By now everyone is well aware of the sweetheart deal that Ben Nelson extracted from Harry Reid for the taxpayers of Nebraska. In exchange for his vote in favor of Obamacare, Nelson made sure that all of America’s taxpayers pick up the cost of the mandatory Medicaid expansion in the bill – and not those of Nebraska. Nelson’s deal is unethical, unfair, and some argue that it’s unconstitutional. But at least it’s understandable. Nelson opposes the Medicaid mandate, and recognizes that it will force the state to raise taxes in tough economic times. It’s not hard to understand why he fought to spread the pain among all American taxpayers, rather than those of Nebraska, only.
What is harder to understand is the motivation of other Democrat Senators – particularly those who support the Medicaid mandate, support the health care overhaul, and did not care about the damage it would do to struggling state budgets. I’m looking at you, Barbara Boxer.
Just this week, California’s liberal Governor took aim at the Reid-Pelosi health care overhaul. His strong language must have stung the Californians who played such a large part in crafting the bill: Boxer, Feinstein, Pelosi, and others. Even Governor Schwarzenegger had the good sense to leave his ideology at the door when he realized the bill would bankrupt the state; not so with Boxer. Even when her antidiluvian liberalism obviously conflicts with the state’s interests, she’d rather tell the voters of her state to pound sand than give up on a government takeover of health care.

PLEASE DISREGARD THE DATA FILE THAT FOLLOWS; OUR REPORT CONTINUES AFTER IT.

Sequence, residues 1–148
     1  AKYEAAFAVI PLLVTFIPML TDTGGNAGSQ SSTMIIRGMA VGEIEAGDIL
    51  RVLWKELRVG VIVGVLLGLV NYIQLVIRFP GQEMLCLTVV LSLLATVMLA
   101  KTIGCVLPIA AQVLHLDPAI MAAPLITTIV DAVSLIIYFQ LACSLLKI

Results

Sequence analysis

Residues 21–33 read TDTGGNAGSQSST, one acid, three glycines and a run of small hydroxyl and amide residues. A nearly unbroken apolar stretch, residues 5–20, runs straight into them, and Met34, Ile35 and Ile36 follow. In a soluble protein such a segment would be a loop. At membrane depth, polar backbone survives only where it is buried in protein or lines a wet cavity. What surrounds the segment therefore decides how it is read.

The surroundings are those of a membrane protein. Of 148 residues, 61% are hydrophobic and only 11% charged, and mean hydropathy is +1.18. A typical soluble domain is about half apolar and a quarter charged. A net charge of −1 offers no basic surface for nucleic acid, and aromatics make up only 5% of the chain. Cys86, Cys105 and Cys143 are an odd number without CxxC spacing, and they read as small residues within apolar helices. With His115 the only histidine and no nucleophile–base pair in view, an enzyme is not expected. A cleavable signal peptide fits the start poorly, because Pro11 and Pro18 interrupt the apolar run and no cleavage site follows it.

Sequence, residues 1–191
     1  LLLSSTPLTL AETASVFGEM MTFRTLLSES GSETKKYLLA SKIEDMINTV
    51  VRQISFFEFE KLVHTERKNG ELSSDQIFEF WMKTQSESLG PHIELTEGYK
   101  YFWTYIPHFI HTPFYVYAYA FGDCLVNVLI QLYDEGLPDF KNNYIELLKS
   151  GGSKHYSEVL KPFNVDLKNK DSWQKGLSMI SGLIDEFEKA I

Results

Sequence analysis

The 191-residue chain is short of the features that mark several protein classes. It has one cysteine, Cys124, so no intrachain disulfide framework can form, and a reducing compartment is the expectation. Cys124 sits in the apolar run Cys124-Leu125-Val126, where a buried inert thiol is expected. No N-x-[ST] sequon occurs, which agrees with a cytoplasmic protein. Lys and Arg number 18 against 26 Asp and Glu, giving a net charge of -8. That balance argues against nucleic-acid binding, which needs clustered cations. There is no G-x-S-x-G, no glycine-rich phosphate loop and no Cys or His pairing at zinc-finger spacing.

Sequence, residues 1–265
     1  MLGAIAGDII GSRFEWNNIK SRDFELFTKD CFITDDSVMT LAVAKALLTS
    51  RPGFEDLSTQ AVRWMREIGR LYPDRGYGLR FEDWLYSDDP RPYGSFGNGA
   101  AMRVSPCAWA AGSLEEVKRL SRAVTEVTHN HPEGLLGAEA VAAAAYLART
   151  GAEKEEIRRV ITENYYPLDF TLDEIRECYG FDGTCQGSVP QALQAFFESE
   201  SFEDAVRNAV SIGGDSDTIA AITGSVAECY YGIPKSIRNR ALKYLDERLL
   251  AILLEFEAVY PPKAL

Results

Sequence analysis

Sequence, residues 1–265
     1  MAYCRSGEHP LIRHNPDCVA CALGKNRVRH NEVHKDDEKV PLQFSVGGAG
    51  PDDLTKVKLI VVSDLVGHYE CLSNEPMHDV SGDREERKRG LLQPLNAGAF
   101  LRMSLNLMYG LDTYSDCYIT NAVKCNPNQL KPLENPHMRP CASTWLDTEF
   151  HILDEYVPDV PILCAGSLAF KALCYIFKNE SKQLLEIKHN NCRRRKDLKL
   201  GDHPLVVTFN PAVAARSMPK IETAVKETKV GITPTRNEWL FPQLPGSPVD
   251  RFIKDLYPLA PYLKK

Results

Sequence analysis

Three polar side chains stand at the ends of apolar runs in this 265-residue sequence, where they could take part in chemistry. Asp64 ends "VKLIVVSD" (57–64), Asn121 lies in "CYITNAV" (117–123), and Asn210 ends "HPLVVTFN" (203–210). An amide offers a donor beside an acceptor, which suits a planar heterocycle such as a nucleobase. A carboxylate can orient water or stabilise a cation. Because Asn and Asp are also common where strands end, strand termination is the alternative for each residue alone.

If you’re wondering why Barbara Boxer cannot break 50% in polls of her Senate race, it’s likely because even the voters of deep-blue California recognize that Boxer is too extreme.
California is currently facing an extraordinarily awful budget crisis, brought on by out-of-control spending by virtue of things like the 2005-06 budget, which raised general fund expenditures by 10% in just one budget cycle. Not only is Boxer unconcerned about the damage Obamacare will do to health care quality and reliability, she’s also unconcerned about the impact on California’s budget. Boxer’s opponents by contrast, recognize the problems (for example, here).
Beyond her slavish devotion to statism, Boxer is ineffective as a legislator. In three terms in the Senate, she’s gotten 3 bills enacted into law. Is this more due to her own laziness, or her colleagues’ recognition that she’s extreme? You be the judge of that one.
And instead of actually educating herself on issues of importance to her constituents and her state, Boxer prefers to substitute ideology for facts. Despite the central role that the Medicaid expansion occupies in the health care debate, and its impact on the finances of the state she represents, Boxer has been forced to resort to faking her way through discussions about the proposal – as she recently did on the Ed Schultz show:
It’s sort of old hat to observe that Boxer is ineffective and lazy, and far more concerned with the endless expansion of the federal government than with tending to the needs of her state. But it is true. And it’s reason enough for the voters of California to boot her from the Senate this year. And if she continues so obviously to ignore the concerns of those voters, they might even do it.